The 2023 IFIC Survey got views across three different stakeholder groups on how they see continuity and coordination of care happening in their own settings.
In 2022, IFIC ran the first annual survey on integrated care by asking to our network:
What features of integrated care matter to the policymakers, practitioners, researchers, patients and caregivers with experience of integrated care in different countries/ systems today?
This year in 2023 we asked:
How far have we advanced in providing continuous and coordinated care?
The online survey was distributed to IFIC’s global network, which encompasses more than 23,000 people that were in the IFIC database and distribution list when the survey was launched. We got a total of 662 valid responses.
We segmented the population into the three stakeholder groups and asked several questions common for all three groups but will also ask particular questions for each group. The survey had 662 valid responses from across IFIC’s international network.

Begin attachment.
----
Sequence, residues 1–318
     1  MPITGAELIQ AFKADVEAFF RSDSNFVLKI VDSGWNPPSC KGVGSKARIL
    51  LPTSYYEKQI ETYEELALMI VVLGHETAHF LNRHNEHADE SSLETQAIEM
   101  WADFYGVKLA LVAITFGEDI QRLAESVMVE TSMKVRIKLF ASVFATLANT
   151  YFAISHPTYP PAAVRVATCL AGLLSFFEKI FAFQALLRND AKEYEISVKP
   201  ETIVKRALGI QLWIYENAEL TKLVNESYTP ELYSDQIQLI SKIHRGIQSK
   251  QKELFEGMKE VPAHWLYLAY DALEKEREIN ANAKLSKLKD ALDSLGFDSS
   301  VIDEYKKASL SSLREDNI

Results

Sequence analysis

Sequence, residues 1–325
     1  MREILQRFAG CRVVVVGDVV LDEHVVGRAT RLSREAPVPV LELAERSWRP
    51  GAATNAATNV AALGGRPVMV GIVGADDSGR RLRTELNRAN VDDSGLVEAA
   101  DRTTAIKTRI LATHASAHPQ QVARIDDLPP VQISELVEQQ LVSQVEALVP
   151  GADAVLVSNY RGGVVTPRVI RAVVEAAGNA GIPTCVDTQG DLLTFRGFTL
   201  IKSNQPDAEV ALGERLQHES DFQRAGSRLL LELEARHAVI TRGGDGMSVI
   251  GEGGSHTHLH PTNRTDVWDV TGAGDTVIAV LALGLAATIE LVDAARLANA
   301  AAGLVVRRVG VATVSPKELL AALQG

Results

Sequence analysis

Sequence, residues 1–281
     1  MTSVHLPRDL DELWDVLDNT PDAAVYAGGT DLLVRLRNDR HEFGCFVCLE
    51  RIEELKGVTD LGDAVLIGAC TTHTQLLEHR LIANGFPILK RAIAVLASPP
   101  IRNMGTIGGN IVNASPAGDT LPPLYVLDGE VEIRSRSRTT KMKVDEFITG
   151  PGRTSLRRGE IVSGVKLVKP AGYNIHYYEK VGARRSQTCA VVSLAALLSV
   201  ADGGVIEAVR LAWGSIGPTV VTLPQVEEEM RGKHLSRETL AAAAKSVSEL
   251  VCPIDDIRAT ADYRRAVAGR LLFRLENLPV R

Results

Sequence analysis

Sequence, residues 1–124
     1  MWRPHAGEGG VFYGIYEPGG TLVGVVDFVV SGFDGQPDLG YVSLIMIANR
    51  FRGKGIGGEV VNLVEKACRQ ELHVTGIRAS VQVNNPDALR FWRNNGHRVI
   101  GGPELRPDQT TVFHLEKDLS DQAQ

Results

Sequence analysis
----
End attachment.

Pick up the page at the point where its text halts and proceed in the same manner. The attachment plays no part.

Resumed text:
Response came from three groups:
Users of health and care services (patients and care givers)
Practitioners (health and care professionals and managers)
Policymakers and academics (researchers or teachers working at universities or think tanks)
Service users, care providers and policymakers see small and moderate advances, “signs of a new culture of integration” visible through experiments and local initiatives.
But we are not there yet: effective continuity and coordination of care is not yet fully established.
In general, people have more positive views about achievements with care continuity over time than with coordination of care across multiple providers and settings.
Service users have a more negative perception than providers of the degree to which care services are done with continuity and in a coordinated manner.
Health and care providers see improvements happening at the organisational level rather than at the system level.
There is a sense of optimism from policymakers and researchers regarding advances in care continuity and coordination over the past years, although improvements are not consistent across the sectors or in countries.
However, “changes are still embryonic”, local and not consistent within and across countries. There is still much progress to be made.